Woke up to the sound of pounding rain on the tent roof. Warm and dry in the sleeping bag, but it means a muddy introduction to the work, or worse being grounded until the weather clears. We all eventually crept out of our tents and sat in the “lounge room” – the huge central tent where we keep all our supplies and communications equipment – to plan our day.
We had discussed what the potential objectives were the night before. The first being to orientate with the geology and locate the best rock layers for collecting fossils. The 24 hours of daylight had allowed us to check the surrounding outcrops using binoculars. There was a marked difference between the lower grey-green marine shale and the upper sequence of “red beds”, which are classic for Triassic strata but usually denote freshwater or terrestrial environments. Plan A therefore was to look at these “red bed” sequences, both because they were reportedly marine in the literature, but also because they were close by and could be easily sampled if the weather turned bad. Furthermore, according to the reports published by the Danish expeditions in the 1920s-1930s they should contain temnospondyl remains – these were superficially crocodile-like amphibians thought to have lived in marine habitats at the very beginning of the Triassic 250 million years ago. If we could confirm that the Kap Stosch temnospondyls hunted in the sea then we might have a vital clue about the ecological role of tetrapods in our earliest Triassic marine ecosystems.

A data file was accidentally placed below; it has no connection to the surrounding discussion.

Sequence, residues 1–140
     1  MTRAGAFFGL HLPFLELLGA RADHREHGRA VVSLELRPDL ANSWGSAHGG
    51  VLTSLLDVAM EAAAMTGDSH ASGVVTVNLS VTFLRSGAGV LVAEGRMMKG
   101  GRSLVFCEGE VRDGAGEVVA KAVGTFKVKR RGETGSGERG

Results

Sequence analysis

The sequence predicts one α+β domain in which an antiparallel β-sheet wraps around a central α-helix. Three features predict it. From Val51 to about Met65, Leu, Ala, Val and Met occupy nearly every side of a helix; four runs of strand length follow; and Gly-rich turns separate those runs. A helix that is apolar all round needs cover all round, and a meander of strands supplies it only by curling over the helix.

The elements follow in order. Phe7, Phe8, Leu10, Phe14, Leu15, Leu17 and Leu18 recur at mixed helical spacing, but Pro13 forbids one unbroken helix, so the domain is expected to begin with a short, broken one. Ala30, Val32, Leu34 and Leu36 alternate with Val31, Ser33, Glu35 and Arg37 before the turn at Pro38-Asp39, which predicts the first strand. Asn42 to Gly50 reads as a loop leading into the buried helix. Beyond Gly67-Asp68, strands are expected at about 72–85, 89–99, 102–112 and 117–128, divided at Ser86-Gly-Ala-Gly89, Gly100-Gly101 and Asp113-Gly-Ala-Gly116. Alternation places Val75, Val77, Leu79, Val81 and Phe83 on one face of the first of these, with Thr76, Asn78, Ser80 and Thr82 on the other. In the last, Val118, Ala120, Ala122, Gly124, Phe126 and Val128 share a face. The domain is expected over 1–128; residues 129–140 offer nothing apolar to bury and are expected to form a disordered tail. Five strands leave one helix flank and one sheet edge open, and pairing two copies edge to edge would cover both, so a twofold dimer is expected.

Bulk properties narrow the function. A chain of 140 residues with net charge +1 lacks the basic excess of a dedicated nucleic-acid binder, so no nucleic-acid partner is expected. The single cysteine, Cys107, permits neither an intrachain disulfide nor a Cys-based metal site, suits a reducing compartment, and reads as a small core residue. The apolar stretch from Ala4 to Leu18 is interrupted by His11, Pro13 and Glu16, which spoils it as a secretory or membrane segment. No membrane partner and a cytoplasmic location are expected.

After breakfast, and a large cup of specialty coffee (imported from Greece by Ben), we headed out leaving Lasse in camp to set up the communications equipment and sort out the fuel and provisions for the rest of our stay.
We returned five hours later soaked and covered in mud but with a better idea of what was going on with our rocks.